Getting a lower rate on your loan can make a huge difference. The difference between an interest rate of 5.25 percent and 4.25 percent on a loan of $38,500 over 10 years is $2,242.65. With 5.25%, you’re paying $413.07 monthly, while a 4.25% rate requires only $394.38.
A reduced minimum payment gives you breathing room and the option to pay down your loan faster if your company provides no fees on prepayments.
In How to Retire Early, the first step in creating a plan for financial freedom is to destroy your debt. If you can afford to increase your monthly debt payments, you’ll reduce your overall interest paid as well as gain freedom from the burden of student debt that much sooner.
Make sure that the loan company you work with offers no-fee refinancing and no early payment fees. You don’t want fees like that eating into your savings. The best companies offer lots of benefits without additional fees that just slow you down.
Know the Benefits You Can Lose
If you choose to refinance a government subsidized loan, you could be giving up benefits you may want or need. Some examples are disability and death benefits which prevent responsibility for your student loans from being placed on your family.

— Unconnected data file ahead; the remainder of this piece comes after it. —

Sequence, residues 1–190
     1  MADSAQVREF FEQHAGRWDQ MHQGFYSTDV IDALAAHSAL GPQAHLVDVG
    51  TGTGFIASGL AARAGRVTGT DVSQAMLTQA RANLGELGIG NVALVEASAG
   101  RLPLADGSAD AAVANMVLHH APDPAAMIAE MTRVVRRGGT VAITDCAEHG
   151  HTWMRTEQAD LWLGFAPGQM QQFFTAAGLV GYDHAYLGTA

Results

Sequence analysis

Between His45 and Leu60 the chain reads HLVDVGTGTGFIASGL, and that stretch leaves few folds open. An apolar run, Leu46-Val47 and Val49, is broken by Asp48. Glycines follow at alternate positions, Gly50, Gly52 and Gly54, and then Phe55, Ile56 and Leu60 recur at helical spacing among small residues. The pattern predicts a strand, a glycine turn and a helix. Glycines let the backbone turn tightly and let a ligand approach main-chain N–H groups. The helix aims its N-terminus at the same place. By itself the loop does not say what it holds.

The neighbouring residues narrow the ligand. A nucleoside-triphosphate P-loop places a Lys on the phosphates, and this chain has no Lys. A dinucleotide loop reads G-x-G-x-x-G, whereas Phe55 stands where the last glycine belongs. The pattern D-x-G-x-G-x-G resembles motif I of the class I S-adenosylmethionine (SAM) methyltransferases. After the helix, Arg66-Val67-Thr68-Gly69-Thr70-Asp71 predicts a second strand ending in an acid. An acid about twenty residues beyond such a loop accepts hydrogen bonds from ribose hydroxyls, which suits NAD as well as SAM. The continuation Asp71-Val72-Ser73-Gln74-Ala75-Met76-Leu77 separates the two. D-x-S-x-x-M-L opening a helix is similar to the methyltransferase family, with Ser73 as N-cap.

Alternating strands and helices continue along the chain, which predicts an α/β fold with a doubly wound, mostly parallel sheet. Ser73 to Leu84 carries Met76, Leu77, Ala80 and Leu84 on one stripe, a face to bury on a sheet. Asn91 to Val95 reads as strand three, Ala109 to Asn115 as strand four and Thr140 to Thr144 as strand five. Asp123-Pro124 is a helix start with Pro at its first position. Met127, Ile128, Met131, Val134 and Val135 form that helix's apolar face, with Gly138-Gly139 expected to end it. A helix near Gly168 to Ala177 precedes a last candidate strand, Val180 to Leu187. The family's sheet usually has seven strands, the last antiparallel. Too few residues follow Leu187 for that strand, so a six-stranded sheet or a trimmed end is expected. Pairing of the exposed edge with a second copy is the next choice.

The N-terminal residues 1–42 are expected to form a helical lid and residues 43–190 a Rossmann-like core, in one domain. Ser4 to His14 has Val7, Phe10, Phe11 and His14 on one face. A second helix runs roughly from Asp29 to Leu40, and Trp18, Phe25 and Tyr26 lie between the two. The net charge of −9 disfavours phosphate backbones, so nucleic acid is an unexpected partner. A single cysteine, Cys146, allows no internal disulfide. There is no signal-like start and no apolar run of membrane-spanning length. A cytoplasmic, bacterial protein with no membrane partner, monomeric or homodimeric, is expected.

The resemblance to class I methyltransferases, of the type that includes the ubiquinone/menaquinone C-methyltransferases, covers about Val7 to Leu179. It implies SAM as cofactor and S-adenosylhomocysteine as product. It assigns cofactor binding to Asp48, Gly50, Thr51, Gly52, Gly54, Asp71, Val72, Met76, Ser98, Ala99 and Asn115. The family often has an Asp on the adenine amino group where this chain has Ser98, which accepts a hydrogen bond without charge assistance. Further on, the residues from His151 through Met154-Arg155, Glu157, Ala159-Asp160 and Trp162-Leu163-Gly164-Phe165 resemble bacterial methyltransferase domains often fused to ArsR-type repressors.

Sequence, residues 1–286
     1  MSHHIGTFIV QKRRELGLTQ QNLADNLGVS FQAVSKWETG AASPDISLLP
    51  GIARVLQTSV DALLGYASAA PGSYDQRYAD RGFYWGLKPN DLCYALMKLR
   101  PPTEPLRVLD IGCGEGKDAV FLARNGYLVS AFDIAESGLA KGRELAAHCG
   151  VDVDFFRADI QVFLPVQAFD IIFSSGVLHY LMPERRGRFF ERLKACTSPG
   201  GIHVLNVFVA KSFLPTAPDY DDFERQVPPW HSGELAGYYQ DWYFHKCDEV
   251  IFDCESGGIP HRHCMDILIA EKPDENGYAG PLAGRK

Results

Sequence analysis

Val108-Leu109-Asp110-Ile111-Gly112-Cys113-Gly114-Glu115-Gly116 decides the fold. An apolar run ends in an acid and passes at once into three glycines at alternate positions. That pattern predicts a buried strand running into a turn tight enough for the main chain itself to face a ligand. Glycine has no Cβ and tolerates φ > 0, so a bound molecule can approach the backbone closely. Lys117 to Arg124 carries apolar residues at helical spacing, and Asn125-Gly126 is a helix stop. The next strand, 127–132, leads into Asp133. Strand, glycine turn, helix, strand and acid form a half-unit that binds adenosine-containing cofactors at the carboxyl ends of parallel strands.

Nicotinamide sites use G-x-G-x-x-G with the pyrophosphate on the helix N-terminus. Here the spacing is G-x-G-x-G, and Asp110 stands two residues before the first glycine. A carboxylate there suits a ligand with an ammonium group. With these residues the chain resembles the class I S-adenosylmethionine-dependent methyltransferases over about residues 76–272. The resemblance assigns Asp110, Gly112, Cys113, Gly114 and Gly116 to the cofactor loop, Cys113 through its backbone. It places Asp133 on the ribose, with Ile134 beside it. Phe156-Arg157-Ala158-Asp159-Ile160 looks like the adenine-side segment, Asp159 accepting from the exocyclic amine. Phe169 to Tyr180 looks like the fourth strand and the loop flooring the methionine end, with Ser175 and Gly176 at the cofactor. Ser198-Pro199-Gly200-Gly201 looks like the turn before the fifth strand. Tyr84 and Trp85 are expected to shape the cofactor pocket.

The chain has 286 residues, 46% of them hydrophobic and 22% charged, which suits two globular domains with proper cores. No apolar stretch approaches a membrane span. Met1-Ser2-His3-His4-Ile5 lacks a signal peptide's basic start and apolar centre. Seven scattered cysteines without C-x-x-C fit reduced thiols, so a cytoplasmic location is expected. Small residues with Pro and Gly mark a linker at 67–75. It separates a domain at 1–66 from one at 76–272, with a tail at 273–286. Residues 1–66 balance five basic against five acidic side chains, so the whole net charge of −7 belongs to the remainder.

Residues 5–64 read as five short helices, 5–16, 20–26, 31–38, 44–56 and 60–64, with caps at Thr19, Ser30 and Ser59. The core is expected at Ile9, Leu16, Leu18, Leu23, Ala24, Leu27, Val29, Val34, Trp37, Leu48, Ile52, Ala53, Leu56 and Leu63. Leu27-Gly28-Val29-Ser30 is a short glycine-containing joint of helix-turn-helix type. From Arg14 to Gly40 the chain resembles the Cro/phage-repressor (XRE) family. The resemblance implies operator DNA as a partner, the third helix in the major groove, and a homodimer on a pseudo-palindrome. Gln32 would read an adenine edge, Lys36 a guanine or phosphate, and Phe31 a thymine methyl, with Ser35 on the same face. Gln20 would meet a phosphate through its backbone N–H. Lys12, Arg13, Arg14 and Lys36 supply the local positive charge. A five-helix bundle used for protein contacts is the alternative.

If you think you will benefit from an income-based repayment plan, you may not want to refinance.
If you refinance while you’re in a payment grace period — for example, the first six months after finishing school if you have a federal loan — you may lose this benefit and start getting billed right away.
Finally, refinancing can cause you to lose options for deferment and forbearance which allow you to temporarily stop or reduce monthly payments for a period of time.
Remember that any time you choose to defer debt or pay a lower minimum without reducing the rate, you will pay more interest over time.
Many companies offer benefits similar to those listed above, so you may not have to give up anything to refinance.
Compare Loan Refinance Companies
Do your due diligence when choosing a company. One of the best options for comparing companies is to use the Student Loan Refinancing Reviews & Comparisons on SuperMoney. They offer loan rate estimates and compare benefits to make your research easier.
When it comes to companies that offer refinancing loans with benefits, you have several options.
Earnest, for example, offers death and disability benefits.
Both Earnest and LendKey offer flexible repayment options like the ability to skip 1 payment each year, which can be useful if you have an emergency bill or find yourself unemployed.
SoFi offers unemployment protection and will pause your loan payments if you lose your job. They also offer free career assistance and help with your job search.